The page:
"No bans exist on Iran’s research and development of the IR-6 and IR-8 centrifuges, the latter of which is up to 16 times more powerful than the IR-1 centrifuge," he said.

"Failing to achieve such bans, the interim agreement does not appear to mitigate the risks of Iran being able to deploy these more powerful centrifuges after year 13, other than some negotiators stating that they believe that Iran will have trouble actually deploying them in the future," he said. 

Does giving Iran a year or two extra matter?  It will probably take two years to install the upgraded centrifuges.  You don't just plug these things in.  They have to be carefully calibrated to spin at different speeds to enrich the uranium properly.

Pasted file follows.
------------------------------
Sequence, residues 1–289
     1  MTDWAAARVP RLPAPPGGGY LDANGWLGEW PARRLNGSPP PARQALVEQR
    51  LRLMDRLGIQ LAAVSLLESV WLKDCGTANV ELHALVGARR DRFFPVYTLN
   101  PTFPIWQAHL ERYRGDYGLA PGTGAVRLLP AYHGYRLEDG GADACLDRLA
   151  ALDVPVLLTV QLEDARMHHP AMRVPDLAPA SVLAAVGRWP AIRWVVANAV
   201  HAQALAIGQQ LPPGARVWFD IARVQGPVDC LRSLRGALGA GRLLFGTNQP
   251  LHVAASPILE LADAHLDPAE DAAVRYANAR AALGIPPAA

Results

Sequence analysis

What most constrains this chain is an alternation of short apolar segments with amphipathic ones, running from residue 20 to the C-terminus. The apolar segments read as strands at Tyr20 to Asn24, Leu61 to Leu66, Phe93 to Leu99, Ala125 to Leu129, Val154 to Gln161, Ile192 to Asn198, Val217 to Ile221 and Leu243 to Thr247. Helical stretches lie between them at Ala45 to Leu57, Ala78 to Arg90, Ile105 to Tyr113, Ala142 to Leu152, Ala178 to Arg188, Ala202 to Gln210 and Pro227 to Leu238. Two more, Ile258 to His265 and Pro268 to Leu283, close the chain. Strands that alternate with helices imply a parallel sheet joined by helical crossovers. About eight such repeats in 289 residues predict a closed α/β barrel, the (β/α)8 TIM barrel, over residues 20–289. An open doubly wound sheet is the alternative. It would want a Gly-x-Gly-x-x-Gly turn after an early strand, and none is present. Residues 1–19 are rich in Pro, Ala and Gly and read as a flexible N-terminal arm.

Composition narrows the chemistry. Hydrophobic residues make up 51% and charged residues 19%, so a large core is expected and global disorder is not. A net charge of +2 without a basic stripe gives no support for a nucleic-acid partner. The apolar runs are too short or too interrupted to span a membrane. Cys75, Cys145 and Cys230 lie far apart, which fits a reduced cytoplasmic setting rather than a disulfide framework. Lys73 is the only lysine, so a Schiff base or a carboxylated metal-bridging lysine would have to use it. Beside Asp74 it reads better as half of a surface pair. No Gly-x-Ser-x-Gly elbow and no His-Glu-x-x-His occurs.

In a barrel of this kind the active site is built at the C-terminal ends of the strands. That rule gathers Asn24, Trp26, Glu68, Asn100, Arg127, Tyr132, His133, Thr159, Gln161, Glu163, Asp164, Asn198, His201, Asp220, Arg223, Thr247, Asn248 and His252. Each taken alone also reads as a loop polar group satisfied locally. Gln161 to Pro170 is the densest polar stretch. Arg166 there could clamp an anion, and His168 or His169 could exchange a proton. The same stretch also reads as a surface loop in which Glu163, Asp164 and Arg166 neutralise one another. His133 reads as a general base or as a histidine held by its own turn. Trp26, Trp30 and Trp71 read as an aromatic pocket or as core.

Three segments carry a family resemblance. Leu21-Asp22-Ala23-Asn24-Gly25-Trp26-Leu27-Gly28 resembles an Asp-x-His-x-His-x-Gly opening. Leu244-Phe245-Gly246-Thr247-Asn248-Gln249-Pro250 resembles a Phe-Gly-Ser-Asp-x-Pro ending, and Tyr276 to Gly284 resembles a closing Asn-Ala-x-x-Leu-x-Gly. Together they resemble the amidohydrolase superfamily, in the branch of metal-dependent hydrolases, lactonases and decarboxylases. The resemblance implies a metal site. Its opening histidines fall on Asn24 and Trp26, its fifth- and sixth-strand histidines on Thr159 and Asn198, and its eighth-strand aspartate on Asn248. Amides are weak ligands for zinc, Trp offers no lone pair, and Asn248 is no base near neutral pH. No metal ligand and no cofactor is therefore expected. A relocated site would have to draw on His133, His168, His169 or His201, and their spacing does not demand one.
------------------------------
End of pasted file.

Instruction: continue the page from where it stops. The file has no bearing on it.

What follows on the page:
But that's beside the point.  Once again, the president is caught in a lie about the nuclear deal.  And Iran is saying it can rebuild its enrichment program even sooner:

Iran's foreign minister on Tuesday extolled the country's ability to bring its nuclear program back on track as limits on the landmark 15-year accord between Tehran and world powers ease in the coming years.

Mohammad Javad Zarif said a document, submitted by Iran to the International Atomic Energy Agency and outlining plans to expand Iran's uranium enrichment program, is a "matter of pride."

He said it was created by Iran's "negotiators and industry experts" and that even foreign media have noted Iran is likely to strive for restoring its full enrichment after 10 years.

By then, President Obama will have been out of office, and his successor will have to deal with the consequences of his weakness and stupidity.